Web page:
From a recent New Scientist:
Pity poor Johann Loschmidt, an Austrian scientist who calculated in 1865 that the number of molecules in a mole of gas is 6 × 10^23. This figure will be familiar to anyone interested in chemistry as Avogadro’s number.
And yet the Italian chemist Amedeo Avogadro never calculated it. His name became attached to the number some years after Loschmidt’s death, when a few chemists campaigned to name it in Avogadro’s honour. The history of science is littered with such injustices over the credit taken for discoveries, so much so that historians of science have taken to categorising the slights.
The case of Loschmidt is a prime example of the zeroth theorem, which states that a discovery, rule or insight named after an individual often does not originate with that person. Others include the Dirac delta function, a mathematical trick used by engineer Oliver Heaviside 30 years before the English physicist Paul Dirac; the Lorentz gauge condition, an electromagnetic effect discovered by Ludvig Lorenz almost 40 years before Hendrik Lorentz published it in 1904; and Olber’s paradox, that the night sky is dark even though the endless succession of stars in an infinite universe should fill the entire sky. German astronomer Heinrich Olber discussed it in 1823, but it was well known to Johannes Kepler more than 200 years before.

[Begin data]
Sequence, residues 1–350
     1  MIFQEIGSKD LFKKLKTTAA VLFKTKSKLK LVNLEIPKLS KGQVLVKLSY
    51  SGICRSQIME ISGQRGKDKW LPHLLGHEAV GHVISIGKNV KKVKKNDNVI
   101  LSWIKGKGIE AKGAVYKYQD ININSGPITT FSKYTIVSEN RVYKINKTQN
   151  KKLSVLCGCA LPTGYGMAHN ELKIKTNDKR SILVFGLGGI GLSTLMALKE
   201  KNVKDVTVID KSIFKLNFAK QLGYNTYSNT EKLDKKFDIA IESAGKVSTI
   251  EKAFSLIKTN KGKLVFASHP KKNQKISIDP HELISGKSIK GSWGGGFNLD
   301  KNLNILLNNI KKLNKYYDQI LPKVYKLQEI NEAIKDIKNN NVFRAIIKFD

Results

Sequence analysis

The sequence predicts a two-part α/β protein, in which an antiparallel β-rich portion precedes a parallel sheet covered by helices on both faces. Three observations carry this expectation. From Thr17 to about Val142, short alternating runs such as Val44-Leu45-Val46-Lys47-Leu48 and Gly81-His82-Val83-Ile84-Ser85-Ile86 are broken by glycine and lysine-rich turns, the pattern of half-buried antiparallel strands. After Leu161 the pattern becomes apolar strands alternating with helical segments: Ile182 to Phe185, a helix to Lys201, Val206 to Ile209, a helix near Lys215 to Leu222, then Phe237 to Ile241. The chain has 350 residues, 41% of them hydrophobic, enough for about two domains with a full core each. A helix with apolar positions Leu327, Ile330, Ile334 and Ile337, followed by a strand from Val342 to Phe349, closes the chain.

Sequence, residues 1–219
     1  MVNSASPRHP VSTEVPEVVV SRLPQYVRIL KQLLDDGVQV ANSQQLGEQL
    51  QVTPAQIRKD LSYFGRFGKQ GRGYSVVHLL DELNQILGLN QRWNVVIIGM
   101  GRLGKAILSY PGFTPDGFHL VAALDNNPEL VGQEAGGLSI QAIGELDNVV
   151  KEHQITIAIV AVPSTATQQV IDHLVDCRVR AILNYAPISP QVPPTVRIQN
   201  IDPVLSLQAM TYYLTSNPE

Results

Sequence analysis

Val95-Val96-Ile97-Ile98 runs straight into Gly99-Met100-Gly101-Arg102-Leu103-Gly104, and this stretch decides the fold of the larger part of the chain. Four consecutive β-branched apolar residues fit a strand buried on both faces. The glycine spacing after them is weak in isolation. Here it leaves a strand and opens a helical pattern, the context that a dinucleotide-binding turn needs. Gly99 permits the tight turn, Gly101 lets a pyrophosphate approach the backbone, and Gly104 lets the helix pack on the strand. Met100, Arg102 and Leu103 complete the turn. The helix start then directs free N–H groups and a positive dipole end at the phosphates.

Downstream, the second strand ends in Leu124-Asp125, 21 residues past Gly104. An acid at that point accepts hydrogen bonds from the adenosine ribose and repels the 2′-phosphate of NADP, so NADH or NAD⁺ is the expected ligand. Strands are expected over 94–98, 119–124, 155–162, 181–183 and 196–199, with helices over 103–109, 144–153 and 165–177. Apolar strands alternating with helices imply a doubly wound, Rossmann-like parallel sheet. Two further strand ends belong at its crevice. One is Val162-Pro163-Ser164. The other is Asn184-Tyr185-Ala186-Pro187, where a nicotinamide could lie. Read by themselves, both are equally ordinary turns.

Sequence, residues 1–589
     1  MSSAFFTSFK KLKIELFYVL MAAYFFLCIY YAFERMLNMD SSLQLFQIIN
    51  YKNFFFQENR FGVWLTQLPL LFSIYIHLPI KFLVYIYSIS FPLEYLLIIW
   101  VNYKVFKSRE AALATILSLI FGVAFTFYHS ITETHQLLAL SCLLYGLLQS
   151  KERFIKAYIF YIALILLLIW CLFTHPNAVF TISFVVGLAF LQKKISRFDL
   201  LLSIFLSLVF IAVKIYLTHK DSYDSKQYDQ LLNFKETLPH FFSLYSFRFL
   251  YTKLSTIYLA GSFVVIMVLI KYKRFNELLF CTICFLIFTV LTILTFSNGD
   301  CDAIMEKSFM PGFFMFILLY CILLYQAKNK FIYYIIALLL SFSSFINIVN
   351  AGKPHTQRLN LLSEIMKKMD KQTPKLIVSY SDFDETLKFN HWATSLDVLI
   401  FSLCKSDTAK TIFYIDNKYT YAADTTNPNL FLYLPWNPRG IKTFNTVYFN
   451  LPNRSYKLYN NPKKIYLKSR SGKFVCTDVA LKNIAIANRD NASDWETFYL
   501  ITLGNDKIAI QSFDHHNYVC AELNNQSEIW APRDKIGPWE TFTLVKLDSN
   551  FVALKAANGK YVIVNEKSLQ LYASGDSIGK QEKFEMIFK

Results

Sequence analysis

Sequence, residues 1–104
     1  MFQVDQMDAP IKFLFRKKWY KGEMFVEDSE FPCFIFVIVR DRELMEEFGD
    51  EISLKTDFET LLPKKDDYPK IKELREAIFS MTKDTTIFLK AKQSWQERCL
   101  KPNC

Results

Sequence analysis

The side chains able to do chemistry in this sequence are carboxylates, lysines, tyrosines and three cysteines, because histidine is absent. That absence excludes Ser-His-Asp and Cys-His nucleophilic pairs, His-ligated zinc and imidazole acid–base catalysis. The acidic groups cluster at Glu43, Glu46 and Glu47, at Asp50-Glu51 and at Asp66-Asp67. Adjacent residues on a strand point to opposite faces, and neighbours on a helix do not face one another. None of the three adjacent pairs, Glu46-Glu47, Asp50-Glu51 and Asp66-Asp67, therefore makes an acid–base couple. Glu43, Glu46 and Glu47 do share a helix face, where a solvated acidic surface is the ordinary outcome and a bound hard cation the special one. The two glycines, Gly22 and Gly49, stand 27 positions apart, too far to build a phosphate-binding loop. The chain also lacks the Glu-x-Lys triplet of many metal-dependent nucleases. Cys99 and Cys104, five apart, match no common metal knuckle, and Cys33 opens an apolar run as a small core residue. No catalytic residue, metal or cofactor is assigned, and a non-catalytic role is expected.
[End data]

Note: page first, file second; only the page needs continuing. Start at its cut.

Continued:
Another class of injustice results from the Matthew effect, by which eminent scientists get more credit for discoveries than lesser-known ones. The name comes from a passage in the Bible from the gospel according to Matthew: "For unto every one that hath shall be given… but from him that hath not shall be taken away."
Consider, for instance, the career of Albert Schatz, who isolated the antibiotic streptomycin in 1943 only to see his supervisor Selman Waksman win a Nobel prize for the discovery in 1952. The effect may also have been at work when the British astronomer Jocelyn Bell Burnell discovered pulsars as a postgraduate in the 1960s. It was her supervisor, Anthony Hewish, who received the controversial Nobel prize in 1974. Bell’s case might be more accurately attributed to the Matilda effect, however, which describes how the work of women in science is often neglected (named after 19th-century feminist Matilda Gage).